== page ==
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Smart911 gives Nassau residents upload options to gain assistance

Nassau County Executive Edward Mangano and acting police Commissioner Thomas Krumpter on Dec. 3, 2014, discuss a free 911 database that allows users to provide emergency information so responders will be better prepared and informed when they arrive. (Credit: News 12 Long Island)

Nassau police have launched an enhanced method of handling 911 calls.

The county has entered into an agreement with Rave Mobile Safety of Massachusetts for access to Smart911, a Web-based public safety service, officials said Wednesday at the department's Public Safety Center in Westbury.

Smart911 will allow users to create a profile linked to their cellphones.

With it, they can provide their home address, upload pictures of themselves and family members as well as provide information on medical issues for anyone in the family that responders would find useful in the event of an emergency.

The information would only be provided to 911 operators when the user calls 911.

County Executive Edward Mangano said 70 percent of the 911 calls the county receives come from mobile devices, but residents may also be able to provide landlines to the system.

Residents can pick and choose what information they want emergency workers to know, Mangano said.

"Every household has different needs," he said. "Smart911 allows you to customize your profile to your household. You choose what information you provide to us."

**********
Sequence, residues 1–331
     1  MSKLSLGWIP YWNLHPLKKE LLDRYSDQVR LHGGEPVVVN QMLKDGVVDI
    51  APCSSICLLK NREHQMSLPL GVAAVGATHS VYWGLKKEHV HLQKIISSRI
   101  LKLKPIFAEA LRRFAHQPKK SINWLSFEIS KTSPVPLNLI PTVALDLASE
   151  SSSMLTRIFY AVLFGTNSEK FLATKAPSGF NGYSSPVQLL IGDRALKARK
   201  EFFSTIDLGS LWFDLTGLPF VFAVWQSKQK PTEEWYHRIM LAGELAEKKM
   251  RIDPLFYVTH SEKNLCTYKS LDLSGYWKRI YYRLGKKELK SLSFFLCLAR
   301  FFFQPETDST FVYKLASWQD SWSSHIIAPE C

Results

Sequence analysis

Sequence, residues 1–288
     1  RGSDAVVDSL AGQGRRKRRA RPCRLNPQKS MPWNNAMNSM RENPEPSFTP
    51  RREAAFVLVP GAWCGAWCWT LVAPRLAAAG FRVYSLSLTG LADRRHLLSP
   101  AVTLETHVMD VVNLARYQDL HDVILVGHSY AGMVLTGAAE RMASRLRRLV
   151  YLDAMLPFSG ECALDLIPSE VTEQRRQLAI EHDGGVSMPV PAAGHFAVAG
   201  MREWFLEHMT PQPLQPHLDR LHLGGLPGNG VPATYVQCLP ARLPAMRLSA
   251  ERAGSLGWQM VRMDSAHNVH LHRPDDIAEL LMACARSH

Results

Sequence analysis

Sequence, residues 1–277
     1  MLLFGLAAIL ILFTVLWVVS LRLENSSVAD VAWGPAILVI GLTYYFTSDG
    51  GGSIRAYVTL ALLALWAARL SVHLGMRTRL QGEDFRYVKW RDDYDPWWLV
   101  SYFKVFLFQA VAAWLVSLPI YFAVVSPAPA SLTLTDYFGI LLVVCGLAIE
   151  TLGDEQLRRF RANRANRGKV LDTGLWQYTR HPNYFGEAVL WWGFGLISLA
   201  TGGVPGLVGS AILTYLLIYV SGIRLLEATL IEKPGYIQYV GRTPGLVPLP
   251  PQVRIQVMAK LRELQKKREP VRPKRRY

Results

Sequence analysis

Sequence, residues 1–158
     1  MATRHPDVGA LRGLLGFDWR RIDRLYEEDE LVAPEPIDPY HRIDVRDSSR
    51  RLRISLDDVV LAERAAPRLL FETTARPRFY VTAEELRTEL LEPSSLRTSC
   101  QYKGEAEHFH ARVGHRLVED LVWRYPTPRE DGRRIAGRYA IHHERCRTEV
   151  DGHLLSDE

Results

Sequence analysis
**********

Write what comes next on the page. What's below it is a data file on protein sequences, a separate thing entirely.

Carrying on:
All the information would be maintained by Smart911, not the police department, Mangano said.

The service will cost the county $250,000 a year from county operating funds, acting Police Commissioner Thomas Krumpter said.

"This system will save lives," Krumpter said.

Jessica Rose, community marketing manager for Smart911, said the service is used in 1,000 communities in 37 states, among them Suffolk County's Fire Rescue and Emergency Services.

Rose said the service came in handy for a woman in Kentucky who during a snowstorm was left stranded after her car was pushed to the side of the road. When the woman called 911 the signal was spotty so the operator was unable to hear her.

"Her profile came up and the operator had mapping software, so emergency crews were able to locate her based on the vehicle information that came from her profile," Rose said.

Residents interested in signing up can access the service by going to the Nassau police website at or through Smart

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